Despite the fact that the prospect has existed on Apple’s horizon since the advent of VR itself, it wasn’t until the tail-end of January this year that we were finally able to catch a glimpse of Apple’s advance on the distinctive, though interconnected, worlds of virtual and augmented reality.
Now, with new reports emerging from The Information and Bloomberg, we can finally catch a glimpse of Apple’s line of interest in this area. From creating an App Store to feed a new VR headset – akin to Facebook’s Oculus Rift – to releasing their own augmented reality glasses – à la Google Glass – it looks as though the tech giant is almost ready to take the worlds of AR and VR by storm in the coming years.
Read more below.
Competitive Ground: The Nuanced World of VR Gaming
In advancing their capabilities with AR and VR technology, Apple are entering into a complex world in which the terms ‘AR’ and ‘VR’ themselves prove to be both easily defined, and extremely nebulous. In other words, augmented and virtual reality represent incredibly versatile mediums which give way – and have already given way – to a wide range of end-products.
Consider first the different applications of virtual reality. You can go so far as to don a full headset and immerse your senses within an entirely digital world that, it is intended, begins to feel very real, very quickly. At the other end of the scale, however, there are less-extreme instances of reality being recreated via virtual mediums; despite being incredibly different, Microsoft Flight Simulator 2020 and the entire genre of online casino offer just two examples of this trend toward virtual-recreation.
As such, Apple is not only entering into a highly nuanced world – but one that is incredibly competitive, too. Casinos are fuelled by competitive offers, such as bonus spins and free money. You can click here for more casino bonuses, to see just how competitive this world has become – and what sort of landscape Apple could be shaping by pursuing VR so fervently.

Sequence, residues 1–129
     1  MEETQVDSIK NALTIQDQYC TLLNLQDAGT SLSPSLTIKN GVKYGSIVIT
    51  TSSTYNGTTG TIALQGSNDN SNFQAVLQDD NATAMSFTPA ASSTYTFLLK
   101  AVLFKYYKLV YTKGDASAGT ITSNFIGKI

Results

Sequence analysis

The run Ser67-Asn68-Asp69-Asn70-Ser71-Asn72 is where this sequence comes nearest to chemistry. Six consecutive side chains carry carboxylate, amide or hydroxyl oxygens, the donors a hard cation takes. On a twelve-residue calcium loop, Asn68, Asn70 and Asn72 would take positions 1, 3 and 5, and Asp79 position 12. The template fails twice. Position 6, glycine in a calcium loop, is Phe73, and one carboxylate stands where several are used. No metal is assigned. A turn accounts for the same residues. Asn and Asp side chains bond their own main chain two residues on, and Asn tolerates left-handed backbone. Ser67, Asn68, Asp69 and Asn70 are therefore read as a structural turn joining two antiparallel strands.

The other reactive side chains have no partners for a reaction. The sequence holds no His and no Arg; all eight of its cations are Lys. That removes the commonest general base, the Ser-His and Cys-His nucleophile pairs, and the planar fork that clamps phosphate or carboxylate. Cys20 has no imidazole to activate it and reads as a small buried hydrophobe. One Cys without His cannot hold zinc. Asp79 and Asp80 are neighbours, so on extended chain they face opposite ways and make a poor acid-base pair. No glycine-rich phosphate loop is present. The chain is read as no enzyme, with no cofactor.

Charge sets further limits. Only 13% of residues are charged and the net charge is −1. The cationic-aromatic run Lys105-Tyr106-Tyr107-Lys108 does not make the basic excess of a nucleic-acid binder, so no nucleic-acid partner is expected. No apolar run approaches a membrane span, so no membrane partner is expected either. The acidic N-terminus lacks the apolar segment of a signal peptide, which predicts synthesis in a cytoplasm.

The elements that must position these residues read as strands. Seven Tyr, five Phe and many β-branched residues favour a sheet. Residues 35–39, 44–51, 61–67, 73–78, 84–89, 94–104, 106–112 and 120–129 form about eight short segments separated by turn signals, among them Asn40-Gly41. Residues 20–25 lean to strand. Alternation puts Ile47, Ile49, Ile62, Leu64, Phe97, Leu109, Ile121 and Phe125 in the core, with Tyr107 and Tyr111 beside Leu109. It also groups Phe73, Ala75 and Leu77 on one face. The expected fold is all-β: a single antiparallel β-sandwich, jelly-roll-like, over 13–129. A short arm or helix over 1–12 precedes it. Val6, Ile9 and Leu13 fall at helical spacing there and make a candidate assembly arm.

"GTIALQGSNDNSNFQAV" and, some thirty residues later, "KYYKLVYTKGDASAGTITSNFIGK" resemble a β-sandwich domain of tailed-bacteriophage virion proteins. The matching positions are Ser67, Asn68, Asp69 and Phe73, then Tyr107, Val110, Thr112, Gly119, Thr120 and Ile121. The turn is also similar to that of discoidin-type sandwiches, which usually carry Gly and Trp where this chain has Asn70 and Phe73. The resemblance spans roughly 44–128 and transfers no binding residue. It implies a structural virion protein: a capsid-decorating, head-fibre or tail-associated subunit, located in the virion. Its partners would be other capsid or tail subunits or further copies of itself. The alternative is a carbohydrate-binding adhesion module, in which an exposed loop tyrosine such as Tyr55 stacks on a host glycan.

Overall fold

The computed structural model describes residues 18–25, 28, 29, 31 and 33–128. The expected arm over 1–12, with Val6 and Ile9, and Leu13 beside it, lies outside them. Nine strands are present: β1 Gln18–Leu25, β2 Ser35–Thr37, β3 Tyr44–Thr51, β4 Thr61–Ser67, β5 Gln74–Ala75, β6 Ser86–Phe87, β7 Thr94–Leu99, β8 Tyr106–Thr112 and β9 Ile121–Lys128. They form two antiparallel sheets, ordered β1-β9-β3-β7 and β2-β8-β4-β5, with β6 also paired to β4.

Not only that, but Apple is posting itself directly against Facebook’s own interests in virtual reality – thus adding further fuel to the fire that continues to burn between these two giants.
Another area that may well prove challenging to Apple is in finding the right consumer for their AR glasses. We are all well aware of the struggles that Google’s own AR interests have been facing for more than seven years now, with the tech giant infamously struggling to find a significant market for their devices.
In 2020, the company refocused its marketing toward the commercial market with its Enterprise Edition, which boasts a number of potentially useful features for providing field workers with access to reference materials, and to enable first-person monitoring from those higher up.
At this point in time, it is still too early to predict exactly how Apple’s own AR-powered glasses will fit in with everyday life. In all likelihood, they will capture some of the benefits offered by the tech giant’s other wearable tech – although, of course, it is unlikely that they can offer the same benefits for fitness that the Apple Watch offers, which precludes the glasses from expanding the profitability of Apple Fitness+ within the competitive market for at-home fitness.
It is not unreasonable to anticipate, then, that the glasses will be pushed more toward the professional market – those at work who need to make their day that bit more efficient.
Of course, only time will tell whether or not these two technologies will find their place in the coming years, and whether or not Apple’s prestige within tech will continue to keep them buoyant within some of the most competitive markets in the world.